A national newspaper story claiming keepers were under pressure to kill raptors is roundly debunked, but has the damage been done?
The silly season appears to have come early this year. Whether this is a direct result of journalists and press officers suffering from cabin fever because of the COVID-19 lockdown or something else I am not sure. But two things in the press have caught my eye recently that are so slanted and so wrongly reported that I do wonder if they were written so intentionally, with a view to mislead the reader.
The first was a piece in The Times written by its countryside correspondent Harry Shukman, with the headline-grabbing title “Gamekeepers ‘under pressure’ to kill illegally”. The basis for his story was a paper published in the journal People and Nature by the British Ecological Society.
The story was, unsurprisingly, jumped on and shared on social media as fact by the usual suspects. It further divided the game shooting community, who knew the story to be incorrect, and those who were rabidly opposed to any form of pest and predator control anyway. And it undoubtedly unduly influenced a number of the people sitting on the predation control fence.
The published paper said nothing of the sort. Shukman’s piece was a lazy, sensationalised story that bore little resemblance to the paper itself. A paper that I have actually read, after it was forwarded to me by one of the co-authors who wanted me to see for myself that it was not as reported in The Times.
Professor Robbie McDonald even went on Twitter to reiterate his disapproval. He said: “This is not what our research found. Our focus was on legal predator management. We found that keepers are not particularly motivated by employer pressures but had diverse motivation, including a sense of custodianship for game and non-game wildlife.”
It couldn’t be much clearer than that. I thought the paper interesting, well thought out, well written and fair, and the conclusions much as I had expected. There were no surprises — it was very much an affirmation of what we already knew.
I had expected better of a heavyweight title like The Times, and do wonder how Harry Shukman became its countryside correspondent when he appears to know so very little about it. The second piece that caught my attention was a press release by the RSPB, in which it said it had been overrun by reports of the illegal killing of birds of prey since the start of the COVID-19 lockdown. It said the criminals involved were capitalising on there being fewer people about in the countryside, though in my neck of the woods the opposite appears to be true, with more people walking and cycling than I have ever seen before.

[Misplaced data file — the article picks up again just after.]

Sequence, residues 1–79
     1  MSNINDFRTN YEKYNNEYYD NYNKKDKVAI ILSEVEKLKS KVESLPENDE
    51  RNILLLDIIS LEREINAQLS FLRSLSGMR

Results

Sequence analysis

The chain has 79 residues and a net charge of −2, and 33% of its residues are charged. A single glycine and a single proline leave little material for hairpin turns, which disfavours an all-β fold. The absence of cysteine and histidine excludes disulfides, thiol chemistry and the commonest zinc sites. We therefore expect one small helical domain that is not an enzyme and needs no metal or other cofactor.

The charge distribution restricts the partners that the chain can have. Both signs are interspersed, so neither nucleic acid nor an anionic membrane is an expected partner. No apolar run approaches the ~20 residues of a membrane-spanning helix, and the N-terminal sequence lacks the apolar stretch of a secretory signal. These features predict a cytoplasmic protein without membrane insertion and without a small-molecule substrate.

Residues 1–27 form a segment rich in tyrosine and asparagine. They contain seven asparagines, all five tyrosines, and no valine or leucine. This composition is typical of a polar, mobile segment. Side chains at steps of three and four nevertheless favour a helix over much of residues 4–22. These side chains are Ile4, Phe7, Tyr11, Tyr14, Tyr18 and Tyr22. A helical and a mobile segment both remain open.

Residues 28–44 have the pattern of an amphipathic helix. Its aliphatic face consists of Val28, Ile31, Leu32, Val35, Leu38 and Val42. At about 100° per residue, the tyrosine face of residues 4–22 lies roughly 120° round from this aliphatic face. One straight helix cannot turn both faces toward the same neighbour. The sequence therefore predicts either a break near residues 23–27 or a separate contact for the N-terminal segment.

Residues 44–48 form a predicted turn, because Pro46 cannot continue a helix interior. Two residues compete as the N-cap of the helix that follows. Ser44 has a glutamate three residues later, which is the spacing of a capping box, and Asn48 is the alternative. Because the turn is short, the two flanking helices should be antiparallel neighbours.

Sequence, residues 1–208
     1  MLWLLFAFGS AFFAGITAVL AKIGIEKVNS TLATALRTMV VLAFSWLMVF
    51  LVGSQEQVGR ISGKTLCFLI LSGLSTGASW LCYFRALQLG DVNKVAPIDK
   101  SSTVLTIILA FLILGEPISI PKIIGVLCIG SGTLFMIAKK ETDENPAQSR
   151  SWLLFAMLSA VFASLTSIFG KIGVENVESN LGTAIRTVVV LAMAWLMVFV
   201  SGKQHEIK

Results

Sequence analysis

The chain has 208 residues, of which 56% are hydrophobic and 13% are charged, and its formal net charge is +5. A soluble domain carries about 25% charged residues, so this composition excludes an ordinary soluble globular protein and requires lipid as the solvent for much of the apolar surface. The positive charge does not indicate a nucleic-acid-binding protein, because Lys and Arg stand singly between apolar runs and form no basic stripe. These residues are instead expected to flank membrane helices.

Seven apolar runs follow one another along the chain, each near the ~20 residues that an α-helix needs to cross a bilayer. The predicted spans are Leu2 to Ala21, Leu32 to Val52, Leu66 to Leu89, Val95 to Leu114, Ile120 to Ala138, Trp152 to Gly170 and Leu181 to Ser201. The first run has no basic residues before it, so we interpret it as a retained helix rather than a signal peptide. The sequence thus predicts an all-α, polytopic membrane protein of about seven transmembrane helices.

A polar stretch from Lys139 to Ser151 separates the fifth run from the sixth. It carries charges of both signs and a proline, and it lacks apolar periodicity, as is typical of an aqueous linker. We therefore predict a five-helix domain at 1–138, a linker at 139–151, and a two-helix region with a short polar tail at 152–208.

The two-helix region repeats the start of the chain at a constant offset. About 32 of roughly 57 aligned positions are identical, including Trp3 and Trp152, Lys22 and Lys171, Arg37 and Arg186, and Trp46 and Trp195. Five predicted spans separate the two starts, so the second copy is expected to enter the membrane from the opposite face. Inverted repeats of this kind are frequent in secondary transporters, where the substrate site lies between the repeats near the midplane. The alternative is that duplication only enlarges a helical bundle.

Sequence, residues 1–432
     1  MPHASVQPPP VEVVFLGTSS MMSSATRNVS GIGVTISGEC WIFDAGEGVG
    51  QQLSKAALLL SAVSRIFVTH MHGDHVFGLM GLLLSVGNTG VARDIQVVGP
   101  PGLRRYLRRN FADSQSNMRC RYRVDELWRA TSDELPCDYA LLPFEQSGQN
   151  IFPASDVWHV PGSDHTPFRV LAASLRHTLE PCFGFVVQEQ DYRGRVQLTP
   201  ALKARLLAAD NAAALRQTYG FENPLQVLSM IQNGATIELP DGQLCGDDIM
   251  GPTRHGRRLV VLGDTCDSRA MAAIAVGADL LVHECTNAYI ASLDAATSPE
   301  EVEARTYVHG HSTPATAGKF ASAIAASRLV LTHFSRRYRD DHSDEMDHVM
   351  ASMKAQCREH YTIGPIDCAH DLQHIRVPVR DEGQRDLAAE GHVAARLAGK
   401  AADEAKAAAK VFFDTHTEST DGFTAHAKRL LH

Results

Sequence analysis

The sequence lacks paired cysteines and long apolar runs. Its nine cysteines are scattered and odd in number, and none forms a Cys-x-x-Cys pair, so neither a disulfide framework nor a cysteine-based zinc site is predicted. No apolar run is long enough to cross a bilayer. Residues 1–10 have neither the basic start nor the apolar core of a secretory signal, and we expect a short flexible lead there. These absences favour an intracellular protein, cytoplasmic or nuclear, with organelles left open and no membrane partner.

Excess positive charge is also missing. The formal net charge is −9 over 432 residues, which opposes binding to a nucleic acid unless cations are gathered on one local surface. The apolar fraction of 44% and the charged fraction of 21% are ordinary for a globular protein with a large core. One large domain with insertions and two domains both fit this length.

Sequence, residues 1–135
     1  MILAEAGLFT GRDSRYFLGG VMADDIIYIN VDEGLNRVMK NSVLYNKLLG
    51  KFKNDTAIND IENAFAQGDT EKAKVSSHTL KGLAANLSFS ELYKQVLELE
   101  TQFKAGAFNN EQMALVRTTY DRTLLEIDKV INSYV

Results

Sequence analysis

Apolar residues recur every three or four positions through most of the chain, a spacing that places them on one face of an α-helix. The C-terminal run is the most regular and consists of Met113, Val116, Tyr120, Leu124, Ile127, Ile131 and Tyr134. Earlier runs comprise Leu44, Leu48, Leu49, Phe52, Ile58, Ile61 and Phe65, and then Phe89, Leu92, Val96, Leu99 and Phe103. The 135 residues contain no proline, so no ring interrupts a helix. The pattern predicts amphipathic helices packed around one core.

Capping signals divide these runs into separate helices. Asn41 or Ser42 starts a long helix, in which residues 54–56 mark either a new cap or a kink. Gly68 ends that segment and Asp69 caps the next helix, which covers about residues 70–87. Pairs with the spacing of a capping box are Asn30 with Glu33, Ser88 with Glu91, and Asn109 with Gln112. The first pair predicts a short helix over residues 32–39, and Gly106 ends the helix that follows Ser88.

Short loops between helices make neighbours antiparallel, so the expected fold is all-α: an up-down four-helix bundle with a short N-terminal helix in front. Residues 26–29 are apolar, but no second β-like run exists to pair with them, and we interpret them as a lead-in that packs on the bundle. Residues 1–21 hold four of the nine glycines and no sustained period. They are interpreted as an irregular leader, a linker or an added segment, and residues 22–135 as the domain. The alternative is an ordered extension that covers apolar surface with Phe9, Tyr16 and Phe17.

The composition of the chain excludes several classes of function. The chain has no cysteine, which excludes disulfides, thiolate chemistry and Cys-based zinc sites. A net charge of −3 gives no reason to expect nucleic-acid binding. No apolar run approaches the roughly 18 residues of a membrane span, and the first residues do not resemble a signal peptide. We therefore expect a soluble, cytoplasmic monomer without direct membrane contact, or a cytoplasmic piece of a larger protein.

It concerned me for several reasons. The first was that there are still people out there killing birds of prey when it is both illegal and unnecessary.
The second was the quote from Mark Thomas, head of the RSPB’s investigations unit, in which he said: “It is clear that criminals on some sporting estates, both in the uplands and lowlands, have used the wider closure of the countryside as an opportunity to ramp up their efforts to kill birds of prey.”
Pointing the finger
My issue with Mr Thomas’s quote is that the cases are still being investigated. There have been no arrests at the time of writing, no interviews — and yet he still points the finger at the shooting community.
If anyone from the shooting fraternity is convicted of the illegal raptor killing, they quite rightly need the book throwing at them, and they will most certainly receive no sympathy from their fellow shooters. But it is wrong to blame sporting estates for the killings when no one has been charged nor convicted, and the crimes could quite easily have been committed by others.
It is also hugely divisive and counter-productive to paint the shooting community as villains when raptors are nesting and successfully fledging young in ever-increasing numbers on shoots up and down the country and the main shooting bodies — including the National Gamekeepers’ Organisation, of which I am chairman — have a clear zero-tolerance approach to wildlife crime. These groups recently signed a renewed version of their joint statement on raptor persecution.
I hope the people responsible for the raptor killing on the RSPB list are caught, charged and convicted but it is wrong to assume guilt, cast aspersions and point fingers at people before the police have concluded their investigations.